BROSSARD, Que. - A tough battle awaits Montreal against the Ottawa Senators in the NHL playoffs, but the Canadiens will gladly take it after what happened last year.
The Canadiens were dead last in the Eastern Conference a year ago and by late April were well into their off-season routines. Now they face a best-of-seven conference quarter-final against their closest geographical rival.
"It's tough when you finish in 15th place," defenceman P.K. Subban said Monday. "Some guys are going home right now and some are going to the world championship.
"Some are going to start training in another week and a half. We're still playing hockey. We're privileged to do that, but we worked hard to put ourselves in that position and now we'll work hard to keep playing. We know what the ultimate goal is."
The Canadiens ended up second in the conference when the Senators knocked off the Bruins 4-2 in Boston on Sunday night in a game postponed by the Boston Marathon bombing two weeks ago.
Montreal will face the seventh-place Senators in the playoffs for the first time, with the opening two games at the Bell Centre on Thursday and Friday night before moving to Ottawa for Game 3 on Sunday. The teams have never really had a heated rivalry, but that may change when they meet in the post-season.
"Whenever we go to Ottawa there's a big Canadiens following (there)," said Subban. "There's going to be a lot of energy in both Scotiabank Place and the Bell Centre.
"But I played world juniors there (in 2008). I've seen that place when it's full, for high-intensity games, and it's a fun place to play. We're very lucky to have two Canadian teams in the first round. I mean, there's going to be one national anthem before the game and the Canadian flag will be passed around. It's a cool atmosphere to be in."
The Senators, who lost four times in the post-season to their other rival, the Toronto Maple Leafs, a decade ago, are also looking forward to a first meeting with Montreal.
"They have a pretty good team over there," said goalie Craig Anderson. "They have come a long way all year and they found a way to win the division, especially after having a sub par year last year, so they are definitely feeling good about themselves.
"It's a good atmosphere building and a tough building to go into, but we are looking forward to the atmosphere those buildings bring."
As for the hockey, it isn't likely to be the most physical series, but should be a close one between two skilled clubs who each went 2-1-1 against the other this season.
However, the Senators were missing four key elements for much of the season in Anderson and defencemen Erik Karlsson and Jared Cowen — who all recently returned to the lineup — and still-sidelined centre Jason Spezza.
Ottawa was able to win enough to make the playoffs for a second year in a row by playing a tight, patient game, staying inside their system and jumping on opponents' mistakes.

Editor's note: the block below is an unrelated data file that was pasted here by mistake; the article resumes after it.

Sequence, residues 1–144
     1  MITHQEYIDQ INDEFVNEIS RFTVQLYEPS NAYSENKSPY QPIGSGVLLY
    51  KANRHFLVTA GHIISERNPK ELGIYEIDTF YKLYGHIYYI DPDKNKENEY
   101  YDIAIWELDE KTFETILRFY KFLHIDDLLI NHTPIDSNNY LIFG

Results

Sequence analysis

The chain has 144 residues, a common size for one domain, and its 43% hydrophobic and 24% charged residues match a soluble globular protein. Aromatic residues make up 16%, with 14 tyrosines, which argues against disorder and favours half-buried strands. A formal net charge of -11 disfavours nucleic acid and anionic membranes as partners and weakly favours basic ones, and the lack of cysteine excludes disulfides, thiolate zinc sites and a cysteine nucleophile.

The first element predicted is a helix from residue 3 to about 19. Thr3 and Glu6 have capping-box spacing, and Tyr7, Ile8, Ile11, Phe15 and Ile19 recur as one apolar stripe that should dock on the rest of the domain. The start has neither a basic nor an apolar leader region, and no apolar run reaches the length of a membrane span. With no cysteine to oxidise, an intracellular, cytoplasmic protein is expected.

Montreal has three scoring lines and the league's fourth best power play (20.7 per cent) built around point men Subban and Andrei Markov, although Ottawa counters with the NHL's best penalty-killing unit (88 per cent).
"It's going to be a series of mistakes," added Subban. "Both teams have systems in place and they execute them well.
"It'll be who can execute better and who is more disciplined. They've got a good power play and we've shown we can have a good one at times. For us right now it's about being focused and staying on task."
Karlsson emerged as a star last season when he won the Norris Trophy as the league's top defenceman and his return from an ugly skate cut is a huge boost to Ottawa's attack, especially on the power play.
In his absence, Subban has become a Norris candidate with 11 goals and 38 points in 41 games.
Much attention has already turned to how that match-up will play out.
"Erik's a great player and I'm sure he'd say the same thing _ this series isn't going to be decided by two players," said Subban, who also faced Sweden's Karlsson in the 2008 world juniors. "He's a great talent and it's good to see that he's back in the game.
"People pay a lot of money and they want to see the best players in the world and he's one of them, so to get a player like that back will make the series more interesting. But it's not P.K. Subban against Erik Karlsson."
It may turn out to be Anderson against Carey Price, however, as goalies are sure to play a big role in a series that should have a lot of one-goal games.
Price is coming off his toughest stretch of the season, when he lost six of seven games, was pulled twice, and looked to have lost his confidence. He bounced back with a win in Winnipeg last week, and back-up Peter Budaj picked up the regular season-ending victory in Toronto on Saturday night.
Asked how he felt going in, Price said: "It's good. Obviously we didn't have a bright stretch there but we played two pretty solid games in the last two and we have to be fairly confident going into the playoffs."
Coach Michel Therrien feels Price showed in his last two outings, including a 3-2 loss in New Jersey last week, that he has his game back.
"We saw Carey Price the way he is capable of playing," said Therrien. "His work ethic and concentration were there.
"I have no doubts about Carey Price. He's our best player and I'm confident he will be again on Thursday night."
The series will start late because the NHL wanted to give Ottawa and Boston an extra day off after their make-up game. The Bell Centre was booked for a Rihanna concert on Wednesday night, so it will start on Thursday. Another concert by singer Marie-Mai set for Friday night was cancelled to make way for hockey.